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Science & corona

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In mid-March the Rotterdam researcher and Spinoza Prize winner Frank Grosveld spoke to Erasmus Magazine about the research in response to the prepublication on the BiorXiv website. The team made up of Bosch and Grosveld used a collection of antibodies that they had created earlier to treat other coronaviruses, including the SARS coronavirus. These were still being held in the freezer unit in Utrecht. One of these appeared to be effective against the virus that is currently circulating.

The world has been in the throes of COVID-19 for a while now. How does that affect you as researchers?

“It’s intense. We are working 24/7 on research aimed at combating the coronavirus. At first, we thought it would be a sprint, but eventually I realised that we’re both running a marathon at the speed of a sprint. It’s pretty exhausting, but that’s insignificant really. Above all, it feels incredibly rewarding to do research on a virus that’s wreaking havoc on the world.”

“It’s precisely corona virologists like us that are in great demand at the moment, because only a few virologists have dedicated themselves to this disease. Coronaviruses have never been a major medical problem in the past. Now that they are, I’m getting thousands of e-mails from all over the world. Scientists, research institutes, companies, they all want to source knowledge from us because we have been doing research into the various coronaviruses for many years.”

Is the present publication in Nature Communications a new milestone for you?

“Now that it has been deemed good enough for publication by our fellow professionals – and high standards are integral to that – the research has gained added value. It took a bit of effort, but eventually we succeeded. And that’s fantastic; we’re very happy about that. But the ultimate goal is still to help people, that’s when you actually contribute something of value.”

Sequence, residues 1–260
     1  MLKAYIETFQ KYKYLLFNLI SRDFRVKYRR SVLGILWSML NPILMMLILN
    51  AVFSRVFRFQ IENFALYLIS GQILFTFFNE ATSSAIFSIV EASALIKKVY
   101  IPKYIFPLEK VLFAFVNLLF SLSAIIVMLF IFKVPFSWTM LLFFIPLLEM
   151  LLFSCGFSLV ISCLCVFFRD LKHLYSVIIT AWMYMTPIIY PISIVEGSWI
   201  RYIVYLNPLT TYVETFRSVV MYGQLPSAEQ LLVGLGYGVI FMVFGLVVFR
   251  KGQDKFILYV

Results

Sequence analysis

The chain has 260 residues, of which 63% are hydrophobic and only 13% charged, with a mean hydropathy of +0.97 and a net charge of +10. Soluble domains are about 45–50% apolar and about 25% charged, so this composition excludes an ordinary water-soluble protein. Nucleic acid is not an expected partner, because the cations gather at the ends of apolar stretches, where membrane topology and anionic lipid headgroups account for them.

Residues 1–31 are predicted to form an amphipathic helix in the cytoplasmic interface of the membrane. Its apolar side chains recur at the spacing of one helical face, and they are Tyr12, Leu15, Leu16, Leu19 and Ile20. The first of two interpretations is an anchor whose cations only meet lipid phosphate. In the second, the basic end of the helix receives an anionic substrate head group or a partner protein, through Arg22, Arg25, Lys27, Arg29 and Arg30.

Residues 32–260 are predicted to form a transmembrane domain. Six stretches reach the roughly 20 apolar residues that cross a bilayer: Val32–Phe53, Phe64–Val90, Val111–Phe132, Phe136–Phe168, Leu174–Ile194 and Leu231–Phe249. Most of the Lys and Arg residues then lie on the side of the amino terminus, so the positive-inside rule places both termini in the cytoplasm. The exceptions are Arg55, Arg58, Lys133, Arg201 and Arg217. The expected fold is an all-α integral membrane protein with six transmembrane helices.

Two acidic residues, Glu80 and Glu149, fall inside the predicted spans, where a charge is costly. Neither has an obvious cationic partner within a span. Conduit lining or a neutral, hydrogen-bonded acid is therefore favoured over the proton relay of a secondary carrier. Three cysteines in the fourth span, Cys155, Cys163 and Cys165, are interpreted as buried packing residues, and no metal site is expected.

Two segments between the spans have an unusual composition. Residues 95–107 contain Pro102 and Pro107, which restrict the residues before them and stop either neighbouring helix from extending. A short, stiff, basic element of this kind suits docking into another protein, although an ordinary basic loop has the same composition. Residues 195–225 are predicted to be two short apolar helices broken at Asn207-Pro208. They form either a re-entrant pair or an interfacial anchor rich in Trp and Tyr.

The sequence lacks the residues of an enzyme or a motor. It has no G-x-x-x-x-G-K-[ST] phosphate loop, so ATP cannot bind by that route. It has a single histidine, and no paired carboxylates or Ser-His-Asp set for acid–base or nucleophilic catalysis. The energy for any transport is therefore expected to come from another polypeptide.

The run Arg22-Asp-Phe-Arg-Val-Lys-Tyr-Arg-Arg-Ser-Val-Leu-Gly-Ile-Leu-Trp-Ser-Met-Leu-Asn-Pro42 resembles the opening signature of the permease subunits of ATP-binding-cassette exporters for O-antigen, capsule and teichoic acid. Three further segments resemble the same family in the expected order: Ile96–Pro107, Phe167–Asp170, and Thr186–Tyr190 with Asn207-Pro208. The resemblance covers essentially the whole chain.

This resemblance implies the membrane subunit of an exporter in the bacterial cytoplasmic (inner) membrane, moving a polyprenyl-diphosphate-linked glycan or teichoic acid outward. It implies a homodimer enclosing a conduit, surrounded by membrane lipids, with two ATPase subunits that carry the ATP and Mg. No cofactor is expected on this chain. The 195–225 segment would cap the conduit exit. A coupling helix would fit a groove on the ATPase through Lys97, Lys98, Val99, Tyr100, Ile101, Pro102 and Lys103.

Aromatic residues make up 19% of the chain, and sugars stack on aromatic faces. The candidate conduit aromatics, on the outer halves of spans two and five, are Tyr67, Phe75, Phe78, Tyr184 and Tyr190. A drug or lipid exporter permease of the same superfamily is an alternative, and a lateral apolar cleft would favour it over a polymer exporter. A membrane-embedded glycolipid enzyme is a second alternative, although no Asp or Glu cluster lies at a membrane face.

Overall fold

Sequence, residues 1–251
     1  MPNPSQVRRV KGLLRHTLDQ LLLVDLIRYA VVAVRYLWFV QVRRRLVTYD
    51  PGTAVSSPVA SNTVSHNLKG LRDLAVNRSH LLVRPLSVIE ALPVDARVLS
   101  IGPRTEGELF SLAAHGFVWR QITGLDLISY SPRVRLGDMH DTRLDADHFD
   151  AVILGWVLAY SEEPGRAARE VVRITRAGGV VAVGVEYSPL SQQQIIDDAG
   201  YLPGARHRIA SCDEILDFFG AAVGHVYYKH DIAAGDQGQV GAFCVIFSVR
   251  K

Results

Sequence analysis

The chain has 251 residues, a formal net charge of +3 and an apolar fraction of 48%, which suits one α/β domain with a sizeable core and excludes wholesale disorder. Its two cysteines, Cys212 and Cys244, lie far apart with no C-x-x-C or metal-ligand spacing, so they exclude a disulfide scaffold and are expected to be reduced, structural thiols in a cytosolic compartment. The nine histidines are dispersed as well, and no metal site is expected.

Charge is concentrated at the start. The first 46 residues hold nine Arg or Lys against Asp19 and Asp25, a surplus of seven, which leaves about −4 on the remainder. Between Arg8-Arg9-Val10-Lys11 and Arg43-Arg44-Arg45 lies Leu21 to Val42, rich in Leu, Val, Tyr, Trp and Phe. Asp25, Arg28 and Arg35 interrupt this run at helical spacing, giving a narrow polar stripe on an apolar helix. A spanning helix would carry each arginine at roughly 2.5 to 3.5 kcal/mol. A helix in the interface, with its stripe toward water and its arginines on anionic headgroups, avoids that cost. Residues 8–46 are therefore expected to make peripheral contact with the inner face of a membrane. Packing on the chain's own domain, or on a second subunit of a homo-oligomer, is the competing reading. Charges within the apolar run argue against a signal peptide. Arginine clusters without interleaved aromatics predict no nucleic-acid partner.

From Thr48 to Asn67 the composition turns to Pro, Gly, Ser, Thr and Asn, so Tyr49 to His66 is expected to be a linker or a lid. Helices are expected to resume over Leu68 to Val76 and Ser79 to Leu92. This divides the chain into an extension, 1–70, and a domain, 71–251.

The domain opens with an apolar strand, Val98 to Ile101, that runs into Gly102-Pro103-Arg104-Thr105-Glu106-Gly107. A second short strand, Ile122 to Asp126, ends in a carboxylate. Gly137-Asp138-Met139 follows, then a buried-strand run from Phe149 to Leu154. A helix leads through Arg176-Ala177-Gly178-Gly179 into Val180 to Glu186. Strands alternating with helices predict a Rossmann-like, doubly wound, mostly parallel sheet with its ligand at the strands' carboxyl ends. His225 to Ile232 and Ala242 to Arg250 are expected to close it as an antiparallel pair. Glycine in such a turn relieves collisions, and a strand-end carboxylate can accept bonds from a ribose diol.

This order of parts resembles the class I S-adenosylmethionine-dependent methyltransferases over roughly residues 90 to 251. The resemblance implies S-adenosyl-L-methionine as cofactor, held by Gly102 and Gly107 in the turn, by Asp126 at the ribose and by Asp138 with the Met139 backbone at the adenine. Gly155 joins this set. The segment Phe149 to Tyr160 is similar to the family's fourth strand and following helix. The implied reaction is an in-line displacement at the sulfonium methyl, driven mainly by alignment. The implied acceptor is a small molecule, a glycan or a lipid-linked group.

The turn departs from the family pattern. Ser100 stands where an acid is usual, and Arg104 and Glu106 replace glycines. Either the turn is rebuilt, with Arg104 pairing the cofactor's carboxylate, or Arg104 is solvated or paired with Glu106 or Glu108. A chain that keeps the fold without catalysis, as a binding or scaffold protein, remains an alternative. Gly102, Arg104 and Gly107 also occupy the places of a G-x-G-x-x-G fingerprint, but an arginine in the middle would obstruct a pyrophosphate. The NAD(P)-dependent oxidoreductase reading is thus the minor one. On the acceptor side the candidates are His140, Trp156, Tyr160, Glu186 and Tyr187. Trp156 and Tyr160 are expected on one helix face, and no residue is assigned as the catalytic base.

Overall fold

Our scoop on your research hopefully didn’t spoil anything, did it?

“I was surprised by it. I woke up on Saturday morning and suddenly saw our own research splashed across all kinds of news sites. That sparked quite a storm of phone calls and e-mails that I wasn’t prepared for. But in the end, it did a lot of good for the most part. You seldom get that much attention. The fact that you also publish in English means that this information is spread more widely. The summary of the prepublication of our article has been read about 300,000 times – that’s unprecedented.”

What is the current state of affairs as far as a drug or a test is concerned?

“The publication is an initial reassuring step towards a possible therapy. The antibody will help in the fight against the virus as the right type of antibody is able to block an infection. But in order to do this, we first need to get a pharmacist on board so that we can validate the safety and efficacy of the antibody in humans and scale up its production. Discussions about this are ongoing. Yet before it’s all finalised and on the market, it will be at least a couple of months or even possibly another year down the line.”

“The beauty of the discovery is that the antibody can have a preventative effect on the one hand. Administration of the antibody prevents disease in these cases. On the other hand, it can work as a medicine if someone has been diagnosed with the virus. Plus, it can be used for a diagnostic test at home (comparable to a pregnancy test in terms of convenience, ed.). But that will also take time to figure out. A home test, for instance, needs to be extremely reliable. You don’t want people to get false negatives and then hit the streets when they are in actual fact carrying the virus.”

Is this the first active antibody?

“Yes. That’s because, as Grosveld pointed out before, we already had it in the freezer due to coronavirus research that we did earlier. In the meantime, there are also prepublications available from others about antibodies that prevent the infection of this coronavirus. But we had the first prepublication and are now the first to have officially published a paper on this type of antibody. The remarkable thing about this antibody is that it reacts to a part of the virus that doesn’t mutate quickly; it’s linked to the former SARS coronavirus and to the current one. This increases the likelihood that it could also work against any future related coronaviruses – some of which are already circulating in animals.”

Frank Grosveld Erasmus MC coronavirus antibody foto Marko de Haan

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